The Nature Conservancy

The Nature Conservancy recently returned 132-acre Safe Harbor Marsh Reserve land to the Flathead Nation.

Char-Koosta News 

At the Dixon District meeting hosted by Tribal Councilwoman Anita Matt, the attendees got updates about the proposed 44D Ordinance changes and Elder Services programs, among the presentations.

Director of the Fish, Wildlife, Recreation and Conservation Division Tom McDonald said the proposed changes in the bird hunting, fishing and recreation regulations under the 44D Ordinance on the Flathead Reservation wouldn’t affect the tribal membership much. 

“The main points in the changes mostly affect non-tribal members,” McDonald said, adding that the changes seek to remedy some of the conflicts with increased non-member use of popular recreational areas that hinder access by tribal members. 

As a result of the non-member increased use the proposed changes focus on non-member user fees increases. 

McDonald said there were approximately 100 public comments to the proposed changes and many of the comments pertain to the non-member fee increase. Many of the local non-member residents that commented feel that the fee increases are too drastic. 

For instance, a Flathead Reservation resident and non-resident camping stamp for people age 18 and older goes up from $20 to $100. The rest of the proposed fee increases focus on non-reservation residents, and non-Montana residents.

McDonald said the increased fees would be used to improve recreational area facilities. 

The recent addition of the 132-acre Safe Harbor Marsh Reserve north of Polson on the Westshore of Flathead Lake would be closed to hunting, as well as designated as prohibited area for boating and floating devices.

This past September the Montana branch of The Nature Conservancy, that purchased the parcel in 1989, announced the returning the slice of land to the Flathead Nation. It is surrounded by land owned by the Confederated Salish and Kootenai Tribes. 

“TNC originally purchased the property to protect its outstanding conservation values, centered around a large perennial wetland marsh,” said TNC State Director Amy Croover in a September announcement of the land transfer. “Transferring the property to CSKT will ensure those values remain protected and restore ownership to the original stewards of the land.”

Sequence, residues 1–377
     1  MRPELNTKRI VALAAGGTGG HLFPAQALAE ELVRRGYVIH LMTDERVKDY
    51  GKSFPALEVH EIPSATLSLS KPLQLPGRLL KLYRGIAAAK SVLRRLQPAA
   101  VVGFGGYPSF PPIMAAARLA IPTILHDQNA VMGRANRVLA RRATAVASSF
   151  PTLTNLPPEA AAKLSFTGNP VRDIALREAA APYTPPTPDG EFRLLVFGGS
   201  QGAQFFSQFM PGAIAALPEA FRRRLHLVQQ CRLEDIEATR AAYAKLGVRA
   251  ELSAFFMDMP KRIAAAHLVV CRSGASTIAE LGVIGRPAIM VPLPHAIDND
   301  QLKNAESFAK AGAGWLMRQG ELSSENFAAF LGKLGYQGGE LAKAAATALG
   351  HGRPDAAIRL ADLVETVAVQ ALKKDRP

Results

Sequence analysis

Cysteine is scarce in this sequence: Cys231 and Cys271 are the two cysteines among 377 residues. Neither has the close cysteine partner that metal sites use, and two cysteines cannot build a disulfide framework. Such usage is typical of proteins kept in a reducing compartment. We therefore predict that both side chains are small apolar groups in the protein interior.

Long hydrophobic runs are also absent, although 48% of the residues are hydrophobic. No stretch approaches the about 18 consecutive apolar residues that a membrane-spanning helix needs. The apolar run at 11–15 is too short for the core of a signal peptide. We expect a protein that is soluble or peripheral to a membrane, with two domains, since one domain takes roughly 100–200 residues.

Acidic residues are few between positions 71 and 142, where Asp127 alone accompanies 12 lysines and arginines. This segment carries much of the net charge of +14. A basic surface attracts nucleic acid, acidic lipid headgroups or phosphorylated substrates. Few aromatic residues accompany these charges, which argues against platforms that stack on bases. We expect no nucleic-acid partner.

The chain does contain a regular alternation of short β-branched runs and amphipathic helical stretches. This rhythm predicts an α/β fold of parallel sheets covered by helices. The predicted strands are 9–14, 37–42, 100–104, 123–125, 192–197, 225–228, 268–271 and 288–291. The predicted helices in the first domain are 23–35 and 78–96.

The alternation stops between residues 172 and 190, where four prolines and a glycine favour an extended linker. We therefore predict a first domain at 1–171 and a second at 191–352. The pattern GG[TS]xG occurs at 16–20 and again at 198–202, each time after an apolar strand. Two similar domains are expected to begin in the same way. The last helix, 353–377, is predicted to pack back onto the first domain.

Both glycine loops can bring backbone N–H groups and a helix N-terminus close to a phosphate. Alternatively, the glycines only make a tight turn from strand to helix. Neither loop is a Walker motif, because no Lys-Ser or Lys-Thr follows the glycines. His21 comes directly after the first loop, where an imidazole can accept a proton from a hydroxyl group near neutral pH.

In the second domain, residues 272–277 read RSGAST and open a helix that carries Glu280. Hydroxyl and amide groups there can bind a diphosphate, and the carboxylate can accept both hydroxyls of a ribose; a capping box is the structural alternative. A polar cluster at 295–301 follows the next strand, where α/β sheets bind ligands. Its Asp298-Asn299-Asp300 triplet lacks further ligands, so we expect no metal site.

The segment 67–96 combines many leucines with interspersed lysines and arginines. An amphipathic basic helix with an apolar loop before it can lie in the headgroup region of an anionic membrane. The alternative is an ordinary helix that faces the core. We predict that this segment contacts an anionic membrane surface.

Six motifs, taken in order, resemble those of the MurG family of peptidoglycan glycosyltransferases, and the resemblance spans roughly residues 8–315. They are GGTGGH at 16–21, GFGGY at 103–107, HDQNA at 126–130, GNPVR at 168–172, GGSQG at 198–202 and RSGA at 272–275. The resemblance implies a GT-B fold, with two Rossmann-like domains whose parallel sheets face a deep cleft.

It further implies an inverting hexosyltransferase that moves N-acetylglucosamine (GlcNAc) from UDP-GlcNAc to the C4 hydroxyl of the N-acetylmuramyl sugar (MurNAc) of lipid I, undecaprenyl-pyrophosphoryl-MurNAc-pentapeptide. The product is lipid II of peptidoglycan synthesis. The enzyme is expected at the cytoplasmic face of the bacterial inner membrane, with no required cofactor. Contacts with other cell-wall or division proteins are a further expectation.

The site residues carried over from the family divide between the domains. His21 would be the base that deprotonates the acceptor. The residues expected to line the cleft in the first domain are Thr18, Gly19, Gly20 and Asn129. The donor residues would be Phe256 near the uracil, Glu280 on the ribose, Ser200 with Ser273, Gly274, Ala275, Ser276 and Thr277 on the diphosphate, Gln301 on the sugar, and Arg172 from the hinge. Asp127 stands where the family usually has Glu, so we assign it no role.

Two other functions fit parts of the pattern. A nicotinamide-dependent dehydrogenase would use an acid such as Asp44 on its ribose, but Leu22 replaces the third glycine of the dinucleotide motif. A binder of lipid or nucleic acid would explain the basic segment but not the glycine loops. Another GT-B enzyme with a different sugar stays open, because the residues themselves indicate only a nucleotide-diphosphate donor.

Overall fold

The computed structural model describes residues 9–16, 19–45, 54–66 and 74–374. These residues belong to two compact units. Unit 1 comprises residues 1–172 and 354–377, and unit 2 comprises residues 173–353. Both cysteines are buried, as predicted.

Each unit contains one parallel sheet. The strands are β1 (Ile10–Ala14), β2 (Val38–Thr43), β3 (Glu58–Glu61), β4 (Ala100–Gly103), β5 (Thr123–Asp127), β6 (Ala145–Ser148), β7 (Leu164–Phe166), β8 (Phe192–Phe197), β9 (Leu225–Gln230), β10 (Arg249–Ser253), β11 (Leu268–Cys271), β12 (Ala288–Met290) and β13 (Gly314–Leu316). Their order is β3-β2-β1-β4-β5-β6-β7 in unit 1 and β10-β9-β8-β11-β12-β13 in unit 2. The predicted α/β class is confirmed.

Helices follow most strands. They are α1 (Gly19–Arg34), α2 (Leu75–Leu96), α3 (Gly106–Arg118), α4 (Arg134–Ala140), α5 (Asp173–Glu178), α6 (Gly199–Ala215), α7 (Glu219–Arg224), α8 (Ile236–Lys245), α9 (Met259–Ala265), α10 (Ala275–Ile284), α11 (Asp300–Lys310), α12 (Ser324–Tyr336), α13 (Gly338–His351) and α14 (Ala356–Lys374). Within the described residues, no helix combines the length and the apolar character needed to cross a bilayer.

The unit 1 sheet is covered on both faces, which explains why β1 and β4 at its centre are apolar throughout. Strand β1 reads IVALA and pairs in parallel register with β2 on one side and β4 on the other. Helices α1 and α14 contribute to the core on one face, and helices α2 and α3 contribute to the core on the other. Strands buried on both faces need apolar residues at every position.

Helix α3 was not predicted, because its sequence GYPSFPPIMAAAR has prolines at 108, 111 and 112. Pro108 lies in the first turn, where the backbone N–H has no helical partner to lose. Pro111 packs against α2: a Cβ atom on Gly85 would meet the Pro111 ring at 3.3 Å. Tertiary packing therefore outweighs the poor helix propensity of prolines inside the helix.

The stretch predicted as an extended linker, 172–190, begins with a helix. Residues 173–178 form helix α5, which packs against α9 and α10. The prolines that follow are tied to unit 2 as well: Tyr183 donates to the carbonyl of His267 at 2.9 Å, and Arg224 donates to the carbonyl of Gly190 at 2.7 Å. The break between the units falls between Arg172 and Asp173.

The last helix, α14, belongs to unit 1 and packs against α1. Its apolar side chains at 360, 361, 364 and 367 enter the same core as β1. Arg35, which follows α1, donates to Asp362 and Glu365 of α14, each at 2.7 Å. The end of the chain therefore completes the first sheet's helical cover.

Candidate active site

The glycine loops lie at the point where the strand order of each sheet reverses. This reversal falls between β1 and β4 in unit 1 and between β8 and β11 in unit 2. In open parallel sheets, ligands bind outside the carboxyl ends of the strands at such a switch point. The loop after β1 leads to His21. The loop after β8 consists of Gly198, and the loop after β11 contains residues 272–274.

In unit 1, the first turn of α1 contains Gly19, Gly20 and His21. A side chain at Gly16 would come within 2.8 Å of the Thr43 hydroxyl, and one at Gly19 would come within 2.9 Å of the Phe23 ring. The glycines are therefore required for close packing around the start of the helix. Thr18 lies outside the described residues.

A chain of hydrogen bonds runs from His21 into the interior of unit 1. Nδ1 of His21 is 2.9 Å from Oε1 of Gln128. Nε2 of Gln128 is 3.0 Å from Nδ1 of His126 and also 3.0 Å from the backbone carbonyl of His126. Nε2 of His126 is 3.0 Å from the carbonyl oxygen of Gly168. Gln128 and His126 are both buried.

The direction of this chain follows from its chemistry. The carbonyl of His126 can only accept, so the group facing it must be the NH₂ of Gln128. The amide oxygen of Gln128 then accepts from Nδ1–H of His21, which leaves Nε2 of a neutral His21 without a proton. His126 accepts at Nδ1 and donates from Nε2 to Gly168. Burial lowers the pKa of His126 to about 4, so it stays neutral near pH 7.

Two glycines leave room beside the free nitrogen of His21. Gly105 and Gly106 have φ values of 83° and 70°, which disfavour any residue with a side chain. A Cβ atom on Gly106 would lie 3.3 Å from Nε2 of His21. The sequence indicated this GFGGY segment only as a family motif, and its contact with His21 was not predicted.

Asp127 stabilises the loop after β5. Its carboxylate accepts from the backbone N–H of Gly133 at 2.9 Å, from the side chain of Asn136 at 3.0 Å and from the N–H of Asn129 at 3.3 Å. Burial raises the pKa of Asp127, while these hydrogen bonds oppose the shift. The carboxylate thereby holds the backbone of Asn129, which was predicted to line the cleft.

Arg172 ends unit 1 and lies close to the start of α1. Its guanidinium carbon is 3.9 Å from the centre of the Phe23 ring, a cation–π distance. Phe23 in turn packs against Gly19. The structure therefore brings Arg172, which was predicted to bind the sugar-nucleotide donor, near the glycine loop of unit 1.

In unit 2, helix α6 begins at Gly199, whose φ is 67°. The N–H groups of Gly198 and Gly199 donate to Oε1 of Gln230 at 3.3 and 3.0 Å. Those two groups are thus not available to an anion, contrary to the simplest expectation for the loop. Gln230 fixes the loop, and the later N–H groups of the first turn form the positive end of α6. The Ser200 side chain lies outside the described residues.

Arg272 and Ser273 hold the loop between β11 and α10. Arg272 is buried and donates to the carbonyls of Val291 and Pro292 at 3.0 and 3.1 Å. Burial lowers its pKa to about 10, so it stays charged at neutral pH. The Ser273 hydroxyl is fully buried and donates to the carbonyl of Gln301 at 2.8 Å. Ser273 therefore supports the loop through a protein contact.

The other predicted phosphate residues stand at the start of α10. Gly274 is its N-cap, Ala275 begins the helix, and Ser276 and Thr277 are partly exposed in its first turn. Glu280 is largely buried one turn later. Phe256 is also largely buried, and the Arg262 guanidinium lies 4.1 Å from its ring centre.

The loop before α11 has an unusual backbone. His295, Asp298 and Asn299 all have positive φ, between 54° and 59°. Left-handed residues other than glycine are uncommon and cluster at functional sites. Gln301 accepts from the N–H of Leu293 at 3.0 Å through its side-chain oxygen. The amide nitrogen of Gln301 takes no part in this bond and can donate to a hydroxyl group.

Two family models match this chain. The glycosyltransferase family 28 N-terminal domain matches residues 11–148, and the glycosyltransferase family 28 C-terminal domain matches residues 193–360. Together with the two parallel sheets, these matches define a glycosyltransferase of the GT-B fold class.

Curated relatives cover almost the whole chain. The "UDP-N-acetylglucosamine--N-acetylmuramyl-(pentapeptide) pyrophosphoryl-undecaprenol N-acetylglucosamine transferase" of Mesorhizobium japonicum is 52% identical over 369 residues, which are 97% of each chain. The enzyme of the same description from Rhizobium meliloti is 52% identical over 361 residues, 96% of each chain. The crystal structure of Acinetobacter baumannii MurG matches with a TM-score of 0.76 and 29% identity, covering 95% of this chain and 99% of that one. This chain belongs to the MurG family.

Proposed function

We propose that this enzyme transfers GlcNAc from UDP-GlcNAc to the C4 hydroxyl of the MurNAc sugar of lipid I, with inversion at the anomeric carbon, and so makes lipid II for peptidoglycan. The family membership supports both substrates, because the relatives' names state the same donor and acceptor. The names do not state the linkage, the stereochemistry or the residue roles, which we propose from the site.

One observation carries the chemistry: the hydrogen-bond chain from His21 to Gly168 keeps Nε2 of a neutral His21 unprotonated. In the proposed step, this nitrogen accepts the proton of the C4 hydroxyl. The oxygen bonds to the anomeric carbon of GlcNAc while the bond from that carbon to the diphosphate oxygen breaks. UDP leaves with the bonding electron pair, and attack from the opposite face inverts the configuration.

Croover said the Nature Conservancy’s mission is to protect and be good stewards to the land, and because all lands are traditionally Indigenous, the decision to give the land back to the CSKT is in line with TNC’s mission.

Another recent addition to Flathead Nation land, the former National Bison Range, now falls under the 44D Ordinance. To that end there are a baker’s dozen of rules and regulations visitors must follow. Among them are fee rates, hours of use, vehicle size restrictions, no off-road vehicle use, traffic impediments, and personal responsibilities to comply with all regulations.

McDonald said the Tribes are considering designating some areas for exclusive tribal membership use. Among them are Twin Lakes, Hog Heaven, Chief Cliff, and Irvine Lookout.

Other things under discussion to manage the increased flow of non-member visitors include better and increased monitoring of the backcountry road system with cameras, more game wardens, gates, and mobile check stations. They are all expensive endeavors, that in part be paid for by user fee increases.

The update by McDonald will be his last as the director of the FWRC Division as he was elected to the Flathead Nation Tribal Council as the At-Large representative. He and the four others re-elected and elected — Carole DePoe Lankford, Len Two Teeth, Jennifer Finley and Jim Malatare — will be sworn into office Friday, January 7.

Director of the Department of Human Resources Development’s Elder Services Division Constance Morigeau updated the folks at the Dixon District meeting about some of the services available to the Elders, and the age and income requirements for such services.

Enrolled CSKT members income is taken into consideration for Elder Services. To be eligible household income must be below the federal poverty 200 percent income level.

The age requirements are: 55 years old if Social Security or Veterans Affairs documented disabled and unable to work; 60 years old if household income is under the federal poverty 200 percent income level; and, 70 years old no income requirement unless a person under the age of 70 years is part of the household, their income would be counted.

Some of the services for eligible recipients include: snowplowing, firewood, home repairs, fumigation, grandparent support, senior center meals, and monthly bison, wild game and beef distribution as well as personal caregivers and home visitors.

The qualifying home repairs include: furnaces, water and sewer systems, and small minor repairs to the home. There is a “once in a lifetime” unrepairable appliance replacements of refrigerators, kitchen stoves, and washer and dryers.

This time of year, snowplowing is high on the to do list. To schedule snowplowing contact Elder Services at 406-675-2700. Division manager Constance Morigeau at ext. 1381; and Assistant Division manager Diane Matt at ext. 1303.

If you do have to shovel your snow exercise caution.

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